Invoicing can be a painstaking process.
For those who’ve had difficult clients in the past, it’s especially frustrating…as it seems as though anytime after the invoice is sent, communication slows and becomes muddled.
Proper invoicing techniques will not only help ensure you get paid quicker but to the terms that you establish that ensure your business is running smoothly. This is really where the value of your work is captured, which is why it’s such a staple part of the business process. And to help ensure you’re getting paid fair and square every time, we’ve compiled a few tips on the best invoicing practices. Check them out below:
Before you even write-up your first invoice, it’s important to have all the specific terms in your contract beforehand to ensure you’re getting a fair shake. Depending on how you’re pricing out your services, there are a number of different items you should include to cover your bases, such as:
- The allocation of time or services in accordance with your price. For example:
- Charging per hour/month/week
- Charging per item (I.E.: A logo, financial audit, or article)
- Cancellation terms (for example, giving a two-weeks notice)
- Costs to be reimbursed by the client
- Late fees
- Special circumstances that require higher fees (for example, rush delivery or on-call fees)
Although there are certain general consulting agreements you can find online, it’s best to go over with a lawyer the specifics of each deal you’re aiming to compile. Not only will they be able to point out things you may have overlooked, but position the language of your contract to ensure all the necessary provisions are covered.
Once all your parameters for working are set, it’s time to map out what needs to be included on your invoice. Here are some of the most common:
The Date It Was Created and Sent
This helps with organization, as well as initiates when you’re allowed to consider the invoice ‘late’. Usually placed at the top-right corner of the invoice.
The Due Date
Another pretty straightforward term, the due date is determined by your contract, whereas you can state it’s due immediately (often written as “due upon receipt”), or due in 30, 60, 90 days, etc.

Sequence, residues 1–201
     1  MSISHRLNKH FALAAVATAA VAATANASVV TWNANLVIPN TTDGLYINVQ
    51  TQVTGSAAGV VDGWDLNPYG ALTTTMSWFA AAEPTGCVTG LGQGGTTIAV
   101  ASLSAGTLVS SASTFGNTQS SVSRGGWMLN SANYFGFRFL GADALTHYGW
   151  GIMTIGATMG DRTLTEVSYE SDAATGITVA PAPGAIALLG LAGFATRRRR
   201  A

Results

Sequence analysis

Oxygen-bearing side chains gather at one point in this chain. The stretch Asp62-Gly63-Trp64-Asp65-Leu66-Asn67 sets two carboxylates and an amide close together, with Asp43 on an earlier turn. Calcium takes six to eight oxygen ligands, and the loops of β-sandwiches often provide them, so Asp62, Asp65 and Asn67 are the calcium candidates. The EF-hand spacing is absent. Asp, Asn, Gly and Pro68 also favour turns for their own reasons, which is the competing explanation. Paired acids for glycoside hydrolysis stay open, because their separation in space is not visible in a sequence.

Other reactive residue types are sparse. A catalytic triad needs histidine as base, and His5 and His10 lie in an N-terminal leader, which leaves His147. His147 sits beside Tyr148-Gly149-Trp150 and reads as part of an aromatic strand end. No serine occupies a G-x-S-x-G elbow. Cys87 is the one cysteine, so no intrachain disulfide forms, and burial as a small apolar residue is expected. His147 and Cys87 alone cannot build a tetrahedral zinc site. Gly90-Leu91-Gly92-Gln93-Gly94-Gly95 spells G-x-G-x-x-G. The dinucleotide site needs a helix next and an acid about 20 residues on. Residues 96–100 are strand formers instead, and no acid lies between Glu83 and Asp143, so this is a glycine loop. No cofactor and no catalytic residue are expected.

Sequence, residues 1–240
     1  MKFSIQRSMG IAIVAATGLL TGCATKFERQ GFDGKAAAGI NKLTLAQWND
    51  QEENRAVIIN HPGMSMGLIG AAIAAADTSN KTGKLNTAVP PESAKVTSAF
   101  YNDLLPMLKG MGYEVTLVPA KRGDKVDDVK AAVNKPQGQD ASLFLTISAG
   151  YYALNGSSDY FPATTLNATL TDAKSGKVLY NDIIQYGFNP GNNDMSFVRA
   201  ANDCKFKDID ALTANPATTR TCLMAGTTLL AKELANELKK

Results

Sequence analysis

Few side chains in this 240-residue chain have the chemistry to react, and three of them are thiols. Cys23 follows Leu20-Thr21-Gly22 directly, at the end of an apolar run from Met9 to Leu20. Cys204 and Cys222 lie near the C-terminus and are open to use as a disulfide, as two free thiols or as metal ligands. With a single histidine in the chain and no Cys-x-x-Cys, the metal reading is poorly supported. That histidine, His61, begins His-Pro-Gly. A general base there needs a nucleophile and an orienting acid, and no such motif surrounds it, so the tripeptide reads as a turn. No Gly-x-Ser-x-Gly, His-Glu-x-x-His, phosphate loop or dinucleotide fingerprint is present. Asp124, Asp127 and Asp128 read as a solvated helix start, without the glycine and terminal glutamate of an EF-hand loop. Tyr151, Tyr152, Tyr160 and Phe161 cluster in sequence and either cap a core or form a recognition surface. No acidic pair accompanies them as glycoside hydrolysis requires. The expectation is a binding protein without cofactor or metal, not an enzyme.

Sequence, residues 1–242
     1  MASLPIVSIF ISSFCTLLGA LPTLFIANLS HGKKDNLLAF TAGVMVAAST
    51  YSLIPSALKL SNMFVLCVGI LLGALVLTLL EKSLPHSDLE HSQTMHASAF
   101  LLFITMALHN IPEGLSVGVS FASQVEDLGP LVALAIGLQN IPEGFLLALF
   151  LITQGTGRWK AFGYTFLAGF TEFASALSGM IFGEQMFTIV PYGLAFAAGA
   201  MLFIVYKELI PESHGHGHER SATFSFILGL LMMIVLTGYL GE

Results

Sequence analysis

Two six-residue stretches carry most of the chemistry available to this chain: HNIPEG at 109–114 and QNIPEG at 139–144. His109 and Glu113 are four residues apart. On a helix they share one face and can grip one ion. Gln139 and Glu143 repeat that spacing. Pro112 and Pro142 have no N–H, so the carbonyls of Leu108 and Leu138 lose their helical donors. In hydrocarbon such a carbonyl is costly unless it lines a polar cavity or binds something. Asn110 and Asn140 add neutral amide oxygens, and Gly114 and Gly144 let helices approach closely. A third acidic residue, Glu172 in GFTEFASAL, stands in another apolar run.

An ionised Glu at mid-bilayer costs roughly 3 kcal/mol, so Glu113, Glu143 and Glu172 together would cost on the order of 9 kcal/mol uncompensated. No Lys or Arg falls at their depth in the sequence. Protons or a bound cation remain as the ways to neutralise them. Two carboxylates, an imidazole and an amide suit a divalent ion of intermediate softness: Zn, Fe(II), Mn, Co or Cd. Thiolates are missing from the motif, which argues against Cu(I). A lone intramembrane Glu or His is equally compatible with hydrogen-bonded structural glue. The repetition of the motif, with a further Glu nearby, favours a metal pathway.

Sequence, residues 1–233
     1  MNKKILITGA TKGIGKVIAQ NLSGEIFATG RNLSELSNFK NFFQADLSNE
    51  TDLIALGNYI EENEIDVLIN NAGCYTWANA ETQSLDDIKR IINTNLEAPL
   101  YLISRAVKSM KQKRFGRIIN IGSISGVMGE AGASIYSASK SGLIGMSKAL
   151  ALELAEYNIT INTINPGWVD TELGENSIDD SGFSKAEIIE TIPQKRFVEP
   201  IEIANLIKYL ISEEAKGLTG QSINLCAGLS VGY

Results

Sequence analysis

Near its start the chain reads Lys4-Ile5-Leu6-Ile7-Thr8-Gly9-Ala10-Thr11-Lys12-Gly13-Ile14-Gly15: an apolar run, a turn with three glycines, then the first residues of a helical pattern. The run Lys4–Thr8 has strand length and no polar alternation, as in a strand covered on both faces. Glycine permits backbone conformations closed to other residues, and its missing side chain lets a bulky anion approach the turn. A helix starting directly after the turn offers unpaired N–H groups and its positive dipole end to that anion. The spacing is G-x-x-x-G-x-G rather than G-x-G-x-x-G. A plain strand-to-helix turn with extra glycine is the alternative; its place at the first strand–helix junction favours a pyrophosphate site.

Your Business Name and Address
Usually placed at the top left corner, your business name and address help identify who you are.
Customer Business Name and Address
Under your business name, most people place a “Bill To:” followed by their business name and address.
A reference number is helpful in organizing and keeping track of your invoices (especially if you send multiple to the same client). One helpful way to write it is the date (I.E.:0810 for August 10th), followed by a keyword, then the serial number (I.E: 001, 002…so you can invoice multiple people on the same day regarding the same project). Finally, this also enables you to assign a unique ID to clients to ensure that sent payments are matched properly.
The Services Or Products Charged
Just as you would see on any other receipt, an invoice always includes the services/products provided, cost per item/hour, any multiplier rates, or extra fees. It’s important to be as detailed in your itemized services/products as possible to help avoid confusion from the client.
Bank Details/Multiple Payment Methods
This is perhaps the most vital part.
Whether you’re getting paid via check, ACH, PayPal, or cryptocurrency, it’s important to list out the necessary information you feel comfortable transacting with your client. By giving them multiple ways to pay, you’re able to both get paid quicker, as well as leave them with fewer excuses if they aren’t as trustworthy as you initially imagined.
Late Fees/Other Notes
Finally, most invoices have a section under your charges for terms of late fees or other miscellaneous notes. If there was a special circumstance where you had to charge more for something uncommon, this would be the place to map out your reasoning. Especially if you envision this invoice to be used in court, getting a thorough explanation upfront will be crucial to proving your case later on.